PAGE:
OPROMAR SHIPOWNER AND FOREIGN VESSEL CONSULTANT. Aguiño, A Coruña.
When you meet Maria for the first time you can feel intimidated by the self-assurance and self-confidence that she transmits. She is a self-made Brave Woman of the Sea.
She comes from a family of sailors and she grew up wrapped in salt and fish. From a very young age, she would go with her father to unload her uncle’s purse seiners, and even before finishing her studies she had the opportunity to manage the English vessels that her family members had just bought.
Over time other shipowner companies with English vessels contacted her and wanted her to manage their administrative and legal matters, as besides her knowledge of maritime English, she had great experience with the English fishing system and contacts in the country. She also led the creation of a Producer Organization in the United Kingdom and is in charge of its day-to-day operations.
Her voice reveals emotion and passion when she speaks about the fisheries sector. She considers herself very fortunate to know people from many fields and places, to be able to learn from what others know, and especially to feel loved and appreciated by the people she works for. She is a dynamic and lively woman. She believes that fisheries allow her to develop her mind, and she considers it more of a relaxing activity than a job. She admits that some moments are not so great, such as the evenings she has to spend at the fish auction market, standing for hours and without getting any rest, but everything else makes it worth it.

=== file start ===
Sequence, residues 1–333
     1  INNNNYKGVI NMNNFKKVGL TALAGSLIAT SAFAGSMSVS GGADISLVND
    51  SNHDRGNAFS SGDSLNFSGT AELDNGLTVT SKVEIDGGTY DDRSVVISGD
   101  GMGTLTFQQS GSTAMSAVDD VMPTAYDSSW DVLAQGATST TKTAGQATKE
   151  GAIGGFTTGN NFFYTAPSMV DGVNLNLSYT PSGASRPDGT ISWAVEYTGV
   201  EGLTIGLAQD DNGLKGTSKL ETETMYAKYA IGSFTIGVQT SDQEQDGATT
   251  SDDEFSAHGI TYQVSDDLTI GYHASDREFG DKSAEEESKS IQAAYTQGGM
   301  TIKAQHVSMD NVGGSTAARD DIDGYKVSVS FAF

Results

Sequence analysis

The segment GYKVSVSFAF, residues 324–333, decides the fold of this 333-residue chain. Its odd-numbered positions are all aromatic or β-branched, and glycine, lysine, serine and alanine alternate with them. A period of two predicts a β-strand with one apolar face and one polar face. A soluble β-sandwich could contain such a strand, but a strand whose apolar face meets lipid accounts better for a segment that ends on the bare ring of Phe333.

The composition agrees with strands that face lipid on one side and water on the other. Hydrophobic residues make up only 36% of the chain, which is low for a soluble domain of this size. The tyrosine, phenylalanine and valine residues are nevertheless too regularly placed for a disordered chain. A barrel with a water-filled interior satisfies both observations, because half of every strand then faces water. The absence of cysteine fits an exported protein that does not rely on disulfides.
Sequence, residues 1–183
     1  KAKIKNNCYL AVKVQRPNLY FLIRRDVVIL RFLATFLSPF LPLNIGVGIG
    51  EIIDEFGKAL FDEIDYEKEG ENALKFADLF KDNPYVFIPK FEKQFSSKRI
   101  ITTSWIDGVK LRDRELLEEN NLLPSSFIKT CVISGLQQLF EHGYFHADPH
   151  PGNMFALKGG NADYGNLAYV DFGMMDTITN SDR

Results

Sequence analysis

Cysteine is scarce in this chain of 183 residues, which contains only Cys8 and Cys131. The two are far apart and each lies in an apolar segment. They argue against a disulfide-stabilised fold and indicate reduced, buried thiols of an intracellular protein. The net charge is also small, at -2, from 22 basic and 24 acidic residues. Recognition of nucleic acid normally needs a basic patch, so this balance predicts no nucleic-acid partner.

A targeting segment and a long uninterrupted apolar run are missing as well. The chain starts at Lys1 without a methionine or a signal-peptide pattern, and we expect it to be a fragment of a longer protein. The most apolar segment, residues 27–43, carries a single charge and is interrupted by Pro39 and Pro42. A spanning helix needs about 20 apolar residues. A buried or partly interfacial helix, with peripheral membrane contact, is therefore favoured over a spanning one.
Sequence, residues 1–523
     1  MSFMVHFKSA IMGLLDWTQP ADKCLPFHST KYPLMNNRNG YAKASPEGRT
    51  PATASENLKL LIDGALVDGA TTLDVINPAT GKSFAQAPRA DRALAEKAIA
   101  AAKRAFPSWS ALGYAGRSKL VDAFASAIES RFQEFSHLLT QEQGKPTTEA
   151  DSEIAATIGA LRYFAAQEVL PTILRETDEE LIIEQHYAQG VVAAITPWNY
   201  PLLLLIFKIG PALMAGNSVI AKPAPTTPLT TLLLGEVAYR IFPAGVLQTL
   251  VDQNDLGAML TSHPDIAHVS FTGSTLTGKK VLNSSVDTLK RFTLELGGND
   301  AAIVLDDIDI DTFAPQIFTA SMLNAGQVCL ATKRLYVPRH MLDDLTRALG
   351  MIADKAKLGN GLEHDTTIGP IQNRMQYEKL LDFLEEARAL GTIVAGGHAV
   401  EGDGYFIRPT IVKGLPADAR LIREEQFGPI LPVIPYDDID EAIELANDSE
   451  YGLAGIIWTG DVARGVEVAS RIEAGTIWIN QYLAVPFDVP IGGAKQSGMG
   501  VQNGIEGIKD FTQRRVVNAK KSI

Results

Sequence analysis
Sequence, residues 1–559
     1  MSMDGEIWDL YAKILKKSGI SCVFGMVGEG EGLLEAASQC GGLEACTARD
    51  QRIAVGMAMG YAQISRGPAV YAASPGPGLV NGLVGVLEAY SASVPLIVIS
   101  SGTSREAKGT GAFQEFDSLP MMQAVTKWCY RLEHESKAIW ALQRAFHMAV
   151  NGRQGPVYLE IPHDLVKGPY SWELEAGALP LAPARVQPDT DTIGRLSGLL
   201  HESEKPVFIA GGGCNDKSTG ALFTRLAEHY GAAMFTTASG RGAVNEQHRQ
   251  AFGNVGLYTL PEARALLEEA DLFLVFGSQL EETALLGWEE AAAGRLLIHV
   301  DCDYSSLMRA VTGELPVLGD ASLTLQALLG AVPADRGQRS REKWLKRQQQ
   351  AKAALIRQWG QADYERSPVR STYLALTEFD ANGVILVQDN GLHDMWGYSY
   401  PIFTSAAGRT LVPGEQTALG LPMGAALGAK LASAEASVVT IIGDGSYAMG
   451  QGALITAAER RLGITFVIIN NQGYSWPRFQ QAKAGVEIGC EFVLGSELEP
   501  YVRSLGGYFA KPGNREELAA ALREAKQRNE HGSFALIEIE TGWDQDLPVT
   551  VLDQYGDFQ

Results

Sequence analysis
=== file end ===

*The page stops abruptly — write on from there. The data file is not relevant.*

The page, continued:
She does not find it very demanding right now, but it is different when she talks about when she started out. Making a place for herself in a world of men and working many nights in a row in unloading was complicated. She no longer has any resentment about that time, when she had to go to the fish auction market in A Coruña and fight other workers for a bidding space, where she was constantly mocked and challenged for being a woman. Despite everything, she is a brave woman and nobody was able to put her off her path.
Getting various companies in the sector to invest in English vessels is, in her opinion, her biggest contribution to the sector. Not because she got encouraged to do it, but because they saw that it was a good business. In her words, “anyone who does not do teamwork is destined to fail.” Certain of the value that others add, she believes that the more, the merrier and greater the success.
Despite the self-confidence she transmits, it is not easy for her to acknowledge her success in fisheries. It is impressive to hear, for example, that she was consulted by UK lawyers regarding a hefty lawsuit against the UK Government.
When she is asked about the risks taken, she said that she made many financial mistakes, making investments that did not turn out well, but she always remembers what her aunt used to say to her “sell or buy, it’s all about getting trading”, so she doesn’t consider them risks. The greatest risk for her was the audacity that she had to show to be able to fight for a place in this sector.
She is certain that bureaucracy drowns the fisheries sector. Its future should involve simplifying and reducing the number of regulations and administrative procedures. She also believes that standardizing controls is necessary, as the current number of inspectors is excessive and infeasible. She thinks that another shortcoming are the quotas, which are insufficient for the activity to be financially sustainable.